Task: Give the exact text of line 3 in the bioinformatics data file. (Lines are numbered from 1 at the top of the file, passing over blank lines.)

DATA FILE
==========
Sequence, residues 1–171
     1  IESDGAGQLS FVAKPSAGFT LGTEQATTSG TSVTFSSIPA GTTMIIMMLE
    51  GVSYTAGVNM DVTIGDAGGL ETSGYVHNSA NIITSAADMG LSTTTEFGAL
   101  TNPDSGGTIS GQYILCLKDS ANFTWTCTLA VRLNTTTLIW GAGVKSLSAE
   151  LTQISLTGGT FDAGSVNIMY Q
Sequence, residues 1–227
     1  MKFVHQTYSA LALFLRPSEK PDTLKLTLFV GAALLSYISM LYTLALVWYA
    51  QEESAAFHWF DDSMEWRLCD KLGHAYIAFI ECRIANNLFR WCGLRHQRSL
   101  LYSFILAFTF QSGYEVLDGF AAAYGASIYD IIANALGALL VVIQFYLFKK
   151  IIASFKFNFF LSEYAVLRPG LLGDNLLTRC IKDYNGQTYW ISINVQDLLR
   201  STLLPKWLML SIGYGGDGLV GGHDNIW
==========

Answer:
    51  GVSYTAGVNM DVTIGDAGGL ETSGYVHNSA NIITSAADMG LSTTTEFGAL